'International Monetary Unit' is explained in detail and with examples in the Accounting edition of the Herold Financial Dictionary, which you can get from Amazon in Ebook or Paperback edition.
International Monetary Unit can refer to two different things. It could be the U.S. dollar, which is the world’s primary reserve currency. The International Monetary Unit is also the Special Drawing Rights, which are the currency units that the International Monetary Fund issues.
Special drawing rights are not an actual unique currency per se. They are units that are made up of a special basket of currencies. These days, these are comprised of U.S. Dollars, British Pounds, Japanese Yen, and Euros. The Special Drawing Rights, also known as SDR’s, can be said to be International Monetary Units since they prove to be reserve assets for international foreign exchange. The International Monetary Fund actually allocates them to different countries. These SDR’s offer the ability to get foreign currencies when a country needs hard cash for emergencies and other financial crises.
Although they are still expressed in units against U.S. dollars, the Special Drawing Rights remain the International Monetary Fund’s only unit of account. They have their own currency code, XDR. They may be only little used now for an International Monetary Unit, but their utilization is growing, particularly at the insistence of Russia, China, and the United Nations.
Since the end of the Second World War, the U.S. dollar has proven to be the world’s main reserve asset for foreign exchange. This makes it a primary candidate for the world’s International Monetary Unit. As over sixty percent of central bank reserves are still held in dollars, it is unarguably the world’s reserve currency even though many nations would like to see this changed and its share of reserves has been dropping consistently for some time now. Countries ranging from China and Russia, to Iran and Venezuela, to France have all called for a new International Monetary Unit to be established, particularly in the wake of the Financial Crisis of 2007 to 2010.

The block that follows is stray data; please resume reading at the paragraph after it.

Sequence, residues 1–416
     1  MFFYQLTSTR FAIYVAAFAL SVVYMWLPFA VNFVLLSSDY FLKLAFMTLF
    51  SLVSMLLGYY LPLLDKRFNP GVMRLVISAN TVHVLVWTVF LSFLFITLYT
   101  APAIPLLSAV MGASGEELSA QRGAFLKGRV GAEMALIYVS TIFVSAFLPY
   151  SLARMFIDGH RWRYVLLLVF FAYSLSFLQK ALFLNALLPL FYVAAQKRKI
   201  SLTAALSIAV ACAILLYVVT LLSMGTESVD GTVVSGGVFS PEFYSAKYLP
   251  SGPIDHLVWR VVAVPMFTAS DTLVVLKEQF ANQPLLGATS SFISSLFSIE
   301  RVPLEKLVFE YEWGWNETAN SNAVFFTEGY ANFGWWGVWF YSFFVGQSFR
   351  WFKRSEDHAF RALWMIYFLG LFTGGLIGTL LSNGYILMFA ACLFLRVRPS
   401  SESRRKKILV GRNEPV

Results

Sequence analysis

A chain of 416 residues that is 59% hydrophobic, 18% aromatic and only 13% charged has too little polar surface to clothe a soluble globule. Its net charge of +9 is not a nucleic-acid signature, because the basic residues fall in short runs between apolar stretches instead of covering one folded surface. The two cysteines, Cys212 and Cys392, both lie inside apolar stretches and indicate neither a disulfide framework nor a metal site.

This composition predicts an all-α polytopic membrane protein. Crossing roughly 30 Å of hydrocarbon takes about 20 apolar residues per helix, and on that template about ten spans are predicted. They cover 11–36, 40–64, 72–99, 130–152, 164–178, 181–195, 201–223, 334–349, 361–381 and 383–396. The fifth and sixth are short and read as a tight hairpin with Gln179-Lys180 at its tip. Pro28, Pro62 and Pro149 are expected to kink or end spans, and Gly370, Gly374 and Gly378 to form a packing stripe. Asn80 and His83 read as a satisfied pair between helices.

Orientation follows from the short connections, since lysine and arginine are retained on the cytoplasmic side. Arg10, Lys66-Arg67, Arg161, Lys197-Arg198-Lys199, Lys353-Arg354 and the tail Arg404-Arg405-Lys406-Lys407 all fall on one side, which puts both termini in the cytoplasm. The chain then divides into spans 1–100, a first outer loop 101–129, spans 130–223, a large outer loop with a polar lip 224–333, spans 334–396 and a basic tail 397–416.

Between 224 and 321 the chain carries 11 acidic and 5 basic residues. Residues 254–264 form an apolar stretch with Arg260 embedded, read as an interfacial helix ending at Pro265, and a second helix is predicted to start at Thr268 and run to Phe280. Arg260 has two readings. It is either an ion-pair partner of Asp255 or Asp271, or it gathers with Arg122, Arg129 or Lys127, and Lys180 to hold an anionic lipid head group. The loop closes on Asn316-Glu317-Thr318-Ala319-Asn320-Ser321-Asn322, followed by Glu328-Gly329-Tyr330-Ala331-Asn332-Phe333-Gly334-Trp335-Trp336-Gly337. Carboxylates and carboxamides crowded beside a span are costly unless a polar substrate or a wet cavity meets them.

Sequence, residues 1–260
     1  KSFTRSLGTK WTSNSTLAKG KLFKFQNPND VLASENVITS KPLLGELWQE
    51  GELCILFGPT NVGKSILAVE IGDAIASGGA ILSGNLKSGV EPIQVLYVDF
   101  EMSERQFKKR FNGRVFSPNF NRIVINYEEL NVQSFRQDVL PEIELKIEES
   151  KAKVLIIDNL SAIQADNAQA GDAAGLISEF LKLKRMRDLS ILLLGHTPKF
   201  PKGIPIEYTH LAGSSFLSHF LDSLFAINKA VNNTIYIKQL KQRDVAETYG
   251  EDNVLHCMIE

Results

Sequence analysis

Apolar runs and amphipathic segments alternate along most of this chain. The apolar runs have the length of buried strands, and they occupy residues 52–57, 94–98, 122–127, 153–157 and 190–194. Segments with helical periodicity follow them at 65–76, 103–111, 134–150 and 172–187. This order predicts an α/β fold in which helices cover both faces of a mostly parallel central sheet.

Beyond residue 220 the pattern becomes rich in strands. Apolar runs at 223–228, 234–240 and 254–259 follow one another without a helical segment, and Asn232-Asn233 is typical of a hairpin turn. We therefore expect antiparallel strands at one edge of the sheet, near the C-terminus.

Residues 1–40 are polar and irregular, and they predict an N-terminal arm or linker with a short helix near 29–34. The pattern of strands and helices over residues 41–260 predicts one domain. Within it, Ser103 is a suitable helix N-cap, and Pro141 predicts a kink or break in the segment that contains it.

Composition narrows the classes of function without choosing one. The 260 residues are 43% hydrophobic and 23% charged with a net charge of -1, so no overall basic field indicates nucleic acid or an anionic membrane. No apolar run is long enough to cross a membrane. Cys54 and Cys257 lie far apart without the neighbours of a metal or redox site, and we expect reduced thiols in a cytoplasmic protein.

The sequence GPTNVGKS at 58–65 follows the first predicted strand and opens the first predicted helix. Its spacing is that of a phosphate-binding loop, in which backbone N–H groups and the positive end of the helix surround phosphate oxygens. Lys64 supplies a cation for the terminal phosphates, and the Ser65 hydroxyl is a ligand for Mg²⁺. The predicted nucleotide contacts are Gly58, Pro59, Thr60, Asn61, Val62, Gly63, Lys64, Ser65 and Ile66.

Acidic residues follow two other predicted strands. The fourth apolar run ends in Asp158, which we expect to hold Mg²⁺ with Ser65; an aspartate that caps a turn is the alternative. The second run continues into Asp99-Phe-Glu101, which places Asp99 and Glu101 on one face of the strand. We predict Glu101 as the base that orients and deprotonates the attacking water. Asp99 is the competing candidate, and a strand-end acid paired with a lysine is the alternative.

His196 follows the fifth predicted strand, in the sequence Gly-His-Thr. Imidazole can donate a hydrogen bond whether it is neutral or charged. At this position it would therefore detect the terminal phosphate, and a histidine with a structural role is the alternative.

A new international monetary unit may arise to replace the dollar, but it does not look to happen any time too soon. This is mainly because no suitable replacement for it has been found yet. Euros are not yet widely enough held, though they are gaining in share of reserves each and every year. Neither Japanese Yen, nor British Pounds, nor Swiss Francs are significantly representative enough of economic spheres of influence to be a viable challenger. The special drawing rights are one possible replacement for the dollar, as would be a gold backed International Monetary Unit. Gold served this purposes for several hundred years during the gold standard era of the 1700’s to 1971.
Gold is a last candidate for a new International Monetary Unit. As it has universal appeal and acceptance, it does offer a strong challenge to the dollar. Gold is a hard international monetary unit to argue with because it does not bear the liabilities of any single nation. It can not be manipulated by any single government or corporation. This makes it a likely choice as at least part of a new International Monetary Unit in the coming century, if not the sole one.